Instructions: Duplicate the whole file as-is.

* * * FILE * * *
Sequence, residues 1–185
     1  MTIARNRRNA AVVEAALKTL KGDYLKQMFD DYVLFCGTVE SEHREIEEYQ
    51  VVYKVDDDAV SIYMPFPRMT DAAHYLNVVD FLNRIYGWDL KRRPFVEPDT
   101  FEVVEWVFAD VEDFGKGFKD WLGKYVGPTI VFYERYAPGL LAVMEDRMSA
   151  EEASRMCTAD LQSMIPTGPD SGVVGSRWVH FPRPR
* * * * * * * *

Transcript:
Sequence, residues 1–185
     1  MTIARNRRNA AVVEAALKTL KGDYLKQMFD DYVLFCGTVE SEHREIEEYQ
    51  VVYKVDDDAV SIYMPFPRMT DAAHYLNVVD FLNRIYGWDL KRRPFVEPDT
   101  FEVVEWVFAD VEDFGKGFKD WLGKYVGPTI VFYERYAPGL LAVMEDRMSA
   151  EEASRMCTAD LQSMIPTGPD SGVVGSRWVH FPRPR